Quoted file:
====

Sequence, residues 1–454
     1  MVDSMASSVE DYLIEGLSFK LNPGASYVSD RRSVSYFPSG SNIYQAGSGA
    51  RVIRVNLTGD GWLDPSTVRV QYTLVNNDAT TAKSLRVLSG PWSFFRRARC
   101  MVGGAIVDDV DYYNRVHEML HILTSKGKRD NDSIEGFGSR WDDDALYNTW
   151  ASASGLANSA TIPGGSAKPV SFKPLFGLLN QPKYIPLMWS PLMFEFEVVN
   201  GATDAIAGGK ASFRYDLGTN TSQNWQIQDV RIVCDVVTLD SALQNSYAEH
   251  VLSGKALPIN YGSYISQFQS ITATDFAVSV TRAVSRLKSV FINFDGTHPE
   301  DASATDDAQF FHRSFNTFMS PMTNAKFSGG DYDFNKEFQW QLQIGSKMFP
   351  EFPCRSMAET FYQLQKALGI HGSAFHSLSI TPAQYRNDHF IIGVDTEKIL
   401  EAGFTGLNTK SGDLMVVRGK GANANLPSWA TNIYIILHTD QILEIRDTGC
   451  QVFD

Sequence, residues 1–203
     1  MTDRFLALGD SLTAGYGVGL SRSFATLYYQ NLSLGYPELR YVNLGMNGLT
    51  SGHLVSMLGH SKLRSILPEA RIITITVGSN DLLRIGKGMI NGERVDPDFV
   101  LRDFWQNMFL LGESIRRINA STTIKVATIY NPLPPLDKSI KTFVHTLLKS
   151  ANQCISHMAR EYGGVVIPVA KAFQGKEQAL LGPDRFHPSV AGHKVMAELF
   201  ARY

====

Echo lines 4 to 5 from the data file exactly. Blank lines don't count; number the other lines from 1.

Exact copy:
   101  MVGGAIVDDV DYYNRVHEML HILTSKGKRD NDSIEGFGSR WDDDALYNTW
   151  ASASGLANSA TIPGGSAKPV SFKPLFGLLN QPKYIPLMWS PLMFEFEVVN